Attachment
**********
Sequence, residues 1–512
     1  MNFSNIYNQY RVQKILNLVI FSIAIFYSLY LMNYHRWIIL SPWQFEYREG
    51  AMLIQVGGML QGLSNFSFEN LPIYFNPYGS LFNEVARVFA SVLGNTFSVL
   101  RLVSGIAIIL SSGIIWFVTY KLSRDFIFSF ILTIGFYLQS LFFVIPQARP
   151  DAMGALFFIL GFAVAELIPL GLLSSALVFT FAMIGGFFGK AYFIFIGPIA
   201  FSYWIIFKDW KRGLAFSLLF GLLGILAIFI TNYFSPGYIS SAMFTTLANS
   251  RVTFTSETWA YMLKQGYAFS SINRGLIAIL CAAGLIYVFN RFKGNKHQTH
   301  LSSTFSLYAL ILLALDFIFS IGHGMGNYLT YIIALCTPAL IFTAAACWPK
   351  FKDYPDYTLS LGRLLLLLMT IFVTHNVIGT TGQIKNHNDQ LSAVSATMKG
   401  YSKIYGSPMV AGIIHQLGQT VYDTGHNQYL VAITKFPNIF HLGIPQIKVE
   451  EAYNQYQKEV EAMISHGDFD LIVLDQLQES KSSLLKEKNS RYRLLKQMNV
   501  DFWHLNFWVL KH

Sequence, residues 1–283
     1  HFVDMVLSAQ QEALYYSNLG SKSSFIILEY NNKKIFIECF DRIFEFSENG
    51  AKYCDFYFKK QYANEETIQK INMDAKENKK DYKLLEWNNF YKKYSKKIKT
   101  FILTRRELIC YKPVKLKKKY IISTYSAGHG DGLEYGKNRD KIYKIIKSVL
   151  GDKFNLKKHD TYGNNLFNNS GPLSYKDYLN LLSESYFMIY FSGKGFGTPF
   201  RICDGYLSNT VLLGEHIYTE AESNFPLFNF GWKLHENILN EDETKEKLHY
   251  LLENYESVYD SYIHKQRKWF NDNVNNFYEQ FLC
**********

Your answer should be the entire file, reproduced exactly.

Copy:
Sequence, residues 1–512
     1  MNFSNIYNQY RVQKILNLVI FSIAIFYSLY LMNYHRWIIL SPWQFEYREG
    51  AMLIQVGGML QGLSNFSFEN LPIYFNPYGS LFNEVARVFA SVLGNTFSVL
   101  RLVSGIAIIL SSGIIWFVTY KLSRDFIFSF ILTIGFYLQS LFFVIPQARP
   151  DAMGALFFIL GFAVAELIPL GLLSSALVFT FAMIGGFFGK AYFIFIGPIA
   201  FSYWIIFKDW KRGLAFSLLF GLLGILAIFI TNYFSPGYIS SAMFTTLANS
   251  RVTFTSETWA YMLKQGYAFS SINRGLIAIL CAAGLIYVFN RFKGNKHQTH
   301  LSSTFSLYAL ILLALDFIFS IGHGMGNYLT YIIALCTPAL IFTAAACWPK
   351  FKDYPDYTLS LGRLLLLLMT IFVTHNVIGT TGQIKNHNDQ LSAVSATMKG
   401  YSKIYGSPMV AGIIHQLGQT VYDTGHNQYL VAITKFPNIF HLGIPQIKVE
   451  EAYNQYQKEV EAMISHGDFD LIVLDQLQES KSSLLKEKNS RYRLLKQMNV
   501  DFWHLNFWVL KH

Sequence, residues 1–283
     1  HFVDMVLSAQ QEALYYSNLG SKSSFIILEY NNKKIFIECF DRIFEFSENG
    51  AKYCDFYFKK QYANEETIQK INMDAKENKK DYKLLEWNNF YKKYSKKIKT
   101  FILTRRELIC YKPVKLKKKY IISTYSAGHG DGLEYGKNRD KIYKIIKSVL
   151  GDKFNLKKHD TYGNNLFNNS GPLSYKDYLN LLSESYFMIY FSGKGFGTPF
   201  RICDGYLSNT VLLGEHIYTE AESNFPLFNF GWKLHENILN EDETKEKLHY
   251  LLENYESVYD SYIHKQRKWF NDNVNNFYEQ FLC